4 See Department of Finance: The Cost of Insurance Working Group. The Cost of Insurance Working Group, chaired by Minister of State Michael D'Arcy TD, has undertaken a review of the factors which are influencing the increased cost of insurance. The Working Group brings together all the relevant Departments and Offices involved with the process. Its objective is to identify immediate and longer term measures which can address increasing costs, while bearing in mind the need to maintain a stable insurance sector. The first phase involved an examination of the Motor Insurance sector. The second phase involved an examination of the Employer Liability Insurance and Public Liability Insurance sectors.

5 Department of Business, Enterprise and Innovation: Second and Final Report of the Personal Injuries Commission (2018)

6 Clarke, Frank: Statement on the occasion of the Opening of the New Legal Year (2018).

7 Humphreys, Heather: Launch of the PIAB Conference 2019, Department of Business, Enterprise and Innovation (2019).

8 A with-profits policy is typically one that allows the policy to participate in the profits of a life insurance company, through a ring-fenced fund with its own characteristics and specific fund rules.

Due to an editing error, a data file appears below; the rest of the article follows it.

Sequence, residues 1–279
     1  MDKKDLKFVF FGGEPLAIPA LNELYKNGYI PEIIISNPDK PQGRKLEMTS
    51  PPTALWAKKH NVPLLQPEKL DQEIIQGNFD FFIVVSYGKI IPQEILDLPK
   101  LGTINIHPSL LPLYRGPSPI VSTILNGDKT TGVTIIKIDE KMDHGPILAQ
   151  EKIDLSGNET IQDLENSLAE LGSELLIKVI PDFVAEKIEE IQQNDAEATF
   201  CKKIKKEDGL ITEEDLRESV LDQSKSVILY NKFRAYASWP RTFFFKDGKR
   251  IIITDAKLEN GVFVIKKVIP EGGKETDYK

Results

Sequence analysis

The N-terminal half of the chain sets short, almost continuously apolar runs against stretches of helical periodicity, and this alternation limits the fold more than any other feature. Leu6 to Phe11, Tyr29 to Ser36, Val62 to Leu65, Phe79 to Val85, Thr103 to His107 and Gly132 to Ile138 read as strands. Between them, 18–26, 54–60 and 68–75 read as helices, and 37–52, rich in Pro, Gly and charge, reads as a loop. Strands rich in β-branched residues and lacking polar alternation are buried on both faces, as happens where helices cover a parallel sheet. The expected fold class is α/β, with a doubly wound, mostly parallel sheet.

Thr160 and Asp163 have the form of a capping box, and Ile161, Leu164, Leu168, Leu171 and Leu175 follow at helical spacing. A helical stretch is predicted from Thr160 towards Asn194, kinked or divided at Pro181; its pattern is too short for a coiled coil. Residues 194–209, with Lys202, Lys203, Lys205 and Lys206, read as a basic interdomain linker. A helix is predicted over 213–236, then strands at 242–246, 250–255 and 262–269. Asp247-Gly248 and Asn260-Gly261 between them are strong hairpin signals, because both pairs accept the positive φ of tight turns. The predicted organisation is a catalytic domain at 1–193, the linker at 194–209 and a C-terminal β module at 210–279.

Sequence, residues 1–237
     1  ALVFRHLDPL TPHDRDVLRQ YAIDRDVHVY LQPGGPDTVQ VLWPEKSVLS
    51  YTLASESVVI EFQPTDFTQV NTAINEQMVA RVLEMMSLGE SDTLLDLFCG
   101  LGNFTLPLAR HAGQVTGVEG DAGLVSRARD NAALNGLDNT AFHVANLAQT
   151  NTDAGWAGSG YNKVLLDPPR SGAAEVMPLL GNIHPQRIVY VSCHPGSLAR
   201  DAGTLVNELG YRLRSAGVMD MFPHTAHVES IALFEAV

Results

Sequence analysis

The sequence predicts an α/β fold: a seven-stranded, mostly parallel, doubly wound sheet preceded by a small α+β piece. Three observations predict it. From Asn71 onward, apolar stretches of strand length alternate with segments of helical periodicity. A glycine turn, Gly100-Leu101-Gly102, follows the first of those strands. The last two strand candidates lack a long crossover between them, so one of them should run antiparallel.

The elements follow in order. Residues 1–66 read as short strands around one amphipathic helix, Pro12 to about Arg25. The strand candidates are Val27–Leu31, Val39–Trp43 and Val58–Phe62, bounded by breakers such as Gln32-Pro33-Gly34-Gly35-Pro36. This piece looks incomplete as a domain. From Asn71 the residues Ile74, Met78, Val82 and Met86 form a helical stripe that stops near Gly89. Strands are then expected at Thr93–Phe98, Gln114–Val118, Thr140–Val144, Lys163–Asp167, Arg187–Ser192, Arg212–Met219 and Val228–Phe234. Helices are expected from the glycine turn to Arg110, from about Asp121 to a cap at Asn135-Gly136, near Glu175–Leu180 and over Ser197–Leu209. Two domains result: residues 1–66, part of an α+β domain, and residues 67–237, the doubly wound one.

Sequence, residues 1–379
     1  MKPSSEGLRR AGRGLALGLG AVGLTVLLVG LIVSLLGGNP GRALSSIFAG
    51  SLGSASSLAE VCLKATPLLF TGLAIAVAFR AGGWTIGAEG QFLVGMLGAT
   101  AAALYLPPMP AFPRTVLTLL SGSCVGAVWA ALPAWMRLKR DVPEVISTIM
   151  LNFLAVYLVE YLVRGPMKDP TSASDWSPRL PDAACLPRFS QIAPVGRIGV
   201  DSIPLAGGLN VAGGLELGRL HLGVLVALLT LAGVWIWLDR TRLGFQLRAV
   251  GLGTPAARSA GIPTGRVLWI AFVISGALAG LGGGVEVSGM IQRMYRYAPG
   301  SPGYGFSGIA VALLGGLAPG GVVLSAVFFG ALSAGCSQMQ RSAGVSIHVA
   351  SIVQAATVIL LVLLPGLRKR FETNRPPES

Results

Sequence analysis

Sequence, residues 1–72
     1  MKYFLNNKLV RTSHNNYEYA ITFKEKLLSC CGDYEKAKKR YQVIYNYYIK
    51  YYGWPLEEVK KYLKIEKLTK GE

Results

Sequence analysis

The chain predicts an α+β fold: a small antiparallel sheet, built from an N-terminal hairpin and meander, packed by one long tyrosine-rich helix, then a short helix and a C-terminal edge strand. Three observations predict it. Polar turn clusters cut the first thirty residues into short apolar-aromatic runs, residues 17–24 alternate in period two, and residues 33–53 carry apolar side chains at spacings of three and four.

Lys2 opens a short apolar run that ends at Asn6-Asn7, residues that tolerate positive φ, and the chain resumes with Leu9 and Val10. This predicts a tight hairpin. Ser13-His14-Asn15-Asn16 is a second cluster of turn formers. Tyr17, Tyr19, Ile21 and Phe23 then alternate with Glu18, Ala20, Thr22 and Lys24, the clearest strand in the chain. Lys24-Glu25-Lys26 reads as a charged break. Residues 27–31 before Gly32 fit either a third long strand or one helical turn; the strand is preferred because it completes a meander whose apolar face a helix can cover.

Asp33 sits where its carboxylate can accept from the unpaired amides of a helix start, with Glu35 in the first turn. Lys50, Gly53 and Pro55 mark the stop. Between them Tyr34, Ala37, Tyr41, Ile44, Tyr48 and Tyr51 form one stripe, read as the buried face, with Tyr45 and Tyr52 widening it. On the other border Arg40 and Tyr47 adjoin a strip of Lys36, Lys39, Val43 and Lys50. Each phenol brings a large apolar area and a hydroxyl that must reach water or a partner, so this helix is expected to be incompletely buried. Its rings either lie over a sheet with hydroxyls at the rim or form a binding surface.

9 Rowland, Derville: Opening remarks at the Central Bank Outsourcing Conference (2019).

10 Cession refers to the portions of the obligations in an insurance company's policy portfolio that are transferred to a reinsurer. Ceding a portion of risk to a reinsurer allows an insurance company to more effectively and efficiently manage its overall risk exposure. The agreement between the ceding insurance company and the reinsurance company will include comprehensive terms under which the cession is ceded.

11 The percentage of total non-linked investments allocated to Sovereign debt reduced from 34% to 28% while the percentage of total non-linked investments allocated to corporate debt increased from 25% to 31% from Q1 2016 to Q4 2018. Source: Central Bank of Ireland Regulatory Returns.

12 Central Bank of Ireland: Compliance by Regulated Financial Service Providers with their Obligations under the Fitness and Probity Regime (2019).

13 Central Bank of Ireland: Demographic analysis of PCF Applications (2019).

14 European Insurance and Occupational Pensions Authority: Financial Stability Report (2018).

15 Central Statistics Office: Population and Labour Force Projections (2018).